Prosperity mine forum well-attended

A forum to discuss the New Prosperity mine proposal drew around 120 people on Thursday.

A forum to discuss the New Prosperity mine proposal drew around 120 people on Thursday.

The forum, hosted by the Tsilhqot’in National Government, included a large crowd of people who crammed themselves into the Central Cariboo Arts Centre in Williams Lake to hear firsthand from First Nations leaders and TNG’s mining manager about their opposition to the proposed gold-copper mine project.

Tl’etinqox (Anaham) Chief Joe Alphonse, TNG tribal chair, confirmed his nation’s opposition to the mine hasn’t changed.

“The threat to our waters and our fish stock is still there. Fish Lake is a sacred and spiritual area. A lot of our members go there for strength and we continue to utilize that,” he said, adding burial sites have been discovered there and for those reasons the TNG cannot alter its position.

Mining manager J.P. Laplante referred heavily to the Canadian Environmental Assessment panel’s comments on the initial Prosperity mine project proposal and suggested a second review is a “waste of everyone’s time, resources and good will.”

He described the new proposal as being no different than the first, with the exception being the tailings facility would be moved two kilometres upstream of Fish Lake.

Referring to a 33-year mine plan located in the back of the proposed new project description, Laplante said the plan includes mining right up into the lake and basically under the lake.

“To put it into perspective the proposed alternative would clearly surround Teztan Biny (Fish Lake) by the mine,” Laplante said.

“They wouldn’t drain the lake, and this is according to the experts, but they would sentence it to a slower death by placing the nearly 500 million tonnes of acid waste immediately upstream of the lake, contaminating it from the discharge of acid tailings water directly into upper Fish Creek and Teztan Biny.”

He added that the tailings pond and pit combined would destroy 81 per cent of the Fish Lake spawning habitat.

Taseko Mines Ltd.’s vice president of corporate affairs Brian Battison was not at the meeting, but responding to Laplante’s comments said no contaminated water will leave the mine site.

“It will be a closed site and no water will leave the entire site for at least 50 years and only if it meets water quality guidelines of the day,” Battison said.

In addition, he said any potential and even non potential acid rock will be covered with soil and denied oxygen to further stop contamination.

As far as comments that the new proposal is no different than the first, Battison said Taseko is “committing to spend an additional $300 million to preserve Fish Lake, which was the main point of First Nation opposition to the project.”

Laplante also described Prosperity as a low-grade mine and suggested obtaining the copper and gold at the site requires digging deeper and a much larger pit.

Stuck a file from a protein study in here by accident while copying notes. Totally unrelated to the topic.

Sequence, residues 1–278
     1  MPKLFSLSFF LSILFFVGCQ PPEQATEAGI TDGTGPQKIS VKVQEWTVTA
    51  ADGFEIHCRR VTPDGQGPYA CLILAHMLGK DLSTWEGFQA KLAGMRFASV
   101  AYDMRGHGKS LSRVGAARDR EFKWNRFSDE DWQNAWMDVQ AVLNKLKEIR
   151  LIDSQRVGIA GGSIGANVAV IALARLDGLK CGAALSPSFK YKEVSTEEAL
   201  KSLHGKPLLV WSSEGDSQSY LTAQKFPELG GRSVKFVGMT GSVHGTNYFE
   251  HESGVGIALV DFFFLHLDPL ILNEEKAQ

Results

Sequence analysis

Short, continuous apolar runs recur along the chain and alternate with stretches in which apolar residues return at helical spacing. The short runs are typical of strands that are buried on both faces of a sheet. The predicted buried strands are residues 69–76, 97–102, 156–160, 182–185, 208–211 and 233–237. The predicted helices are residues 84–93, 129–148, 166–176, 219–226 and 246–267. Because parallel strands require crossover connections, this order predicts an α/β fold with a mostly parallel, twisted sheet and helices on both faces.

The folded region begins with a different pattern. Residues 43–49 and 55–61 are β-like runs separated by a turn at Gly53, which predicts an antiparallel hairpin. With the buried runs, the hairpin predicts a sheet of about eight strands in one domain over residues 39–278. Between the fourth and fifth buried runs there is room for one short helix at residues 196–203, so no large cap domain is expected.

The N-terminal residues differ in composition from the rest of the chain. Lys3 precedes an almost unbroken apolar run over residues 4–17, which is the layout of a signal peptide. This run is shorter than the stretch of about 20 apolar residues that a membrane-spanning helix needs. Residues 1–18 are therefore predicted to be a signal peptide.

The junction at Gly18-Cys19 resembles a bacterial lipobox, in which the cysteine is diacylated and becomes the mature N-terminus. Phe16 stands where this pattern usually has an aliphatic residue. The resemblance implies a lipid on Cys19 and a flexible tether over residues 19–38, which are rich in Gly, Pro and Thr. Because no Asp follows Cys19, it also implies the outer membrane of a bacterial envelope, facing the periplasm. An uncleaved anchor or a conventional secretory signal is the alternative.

“You have to deal with all that ore and all that dirt in a way that’s unmanageable. It all needs to go somewhere. That’s one of the issues here, is that it’s a low-grade project,” he said, adding the company hasn’t done a feasibility study on the ability to pay for the project since 2007. Laplante said there’s a danger Taseko could walk away from the project.

“The project could be approved and the company could get started and at year six to eight they’d have to be ready to take a loss. They’d be losing money because they’d be digging through 500 metres of till to get to the ore body. And in order to do that, if they started losing money and walked away from the project, bankrupt, who’s footing the bill?” Laplante posed, suggesting at the end of the day the Tsilhqot’in would be left worrying about the water, and ultimately everyone else who relies on the salmon living in those waters.

Battison said LaPlante is: “speculating on matters he has no responsibility for or particular expertise. We will be filing a complete environmental impact statement which will be the subject of the federal environmental assessment and until that material is submitted it’s meaningless for anyone to speculate on what it may contain or what may be concluded from it.”

Mining in B.C., Battison added, requires mining companies to fully cover the costs of reclamation at any given time in the mine’s life, and because of this taxpayers are fully protected from any financial liability.

After hearing Laplante’s presentation, many from the audience offered feedback, some asking how they can help fight the mining proposal. Others, who have worked in mines, suggested reclamation and water treatment can work, while some said they hope there will be similar meetings in the future.

Alphonse encouraged as many people as possible to participate in the upcoming environmental review, regardless of whether they are for or against the proposal.

“I think the word has to be sent out that I don’t want this to be a First Nations versus non First Nations issue,” Alphonse said.

Mayor Kerry Cook said the mine is too important of a project to let it divide the community.

“We’re neighbours and we need to find ways to listen and to move forward together,” Cook said.

“I think everyone in this room knows the City has taken the position of pro Prosperity and despite that, we have been able to work together in very respectful ways on issues of common interest.”

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